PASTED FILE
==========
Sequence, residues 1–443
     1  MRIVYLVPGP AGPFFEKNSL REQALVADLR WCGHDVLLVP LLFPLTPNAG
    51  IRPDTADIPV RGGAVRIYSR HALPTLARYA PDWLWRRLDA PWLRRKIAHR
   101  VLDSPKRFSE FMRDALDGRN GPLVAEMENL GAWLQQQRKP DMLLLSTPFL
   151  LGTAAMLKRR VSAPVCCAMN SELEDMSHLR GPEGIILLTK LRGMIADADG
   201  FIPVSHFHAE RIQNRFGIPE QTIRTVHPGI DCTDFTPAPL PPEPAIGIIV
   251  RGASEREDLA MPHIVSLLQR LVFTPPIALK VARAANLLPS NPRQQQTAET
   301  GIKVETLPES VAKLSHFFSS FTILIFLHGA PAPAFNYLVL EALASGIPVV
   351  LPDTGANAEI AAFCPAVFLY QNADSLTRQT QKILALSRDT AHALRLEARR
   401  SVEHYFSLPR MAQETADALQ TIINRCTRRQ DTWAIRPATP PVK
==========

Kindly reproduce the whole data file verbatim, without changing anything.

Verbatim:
Sequence, residues 1–443
     1  MRIVYLVPGP AGPFFEKNSL REQALVADLR WCGHDVLLVP LLFPLTPNAG
    51  IRPDTADIPV RGGAVRIYSR HALPTLARYA PDWLWRRLDA PWLRRKIAHR
   101  VLDSPKRFSE FMRDALDGRN GPLVAEMENL GAWLQQQRKP DMLLLSTPFL
   151  LGTAAMLKRR VSAPVCCAMN SELEDMSHLR GPEGIILLTK LRGMIADADG
   201  FIPVSHFHAE RIQNRFGIPE QTIRTVHPGI DCTDFTPAPL PPEPAIGIIV
   251  RGASEREDLA MPHIVSLLQR LVFTPPIALK VARAANLLPS NPRQQQTAET
   301  GIKVETLPES VAKLSHFFSS FTILIFLHGA PAPAFNYLVL EALASGIPVV
   351  LPDTGANAEI AAFCPAVFLY QNADSLTRQT QKILALSRDT AHALRLEARR
   401  SVEHYFSLPR MAQETADALQ TIINRCTRRQ DTWAIRPATP PVK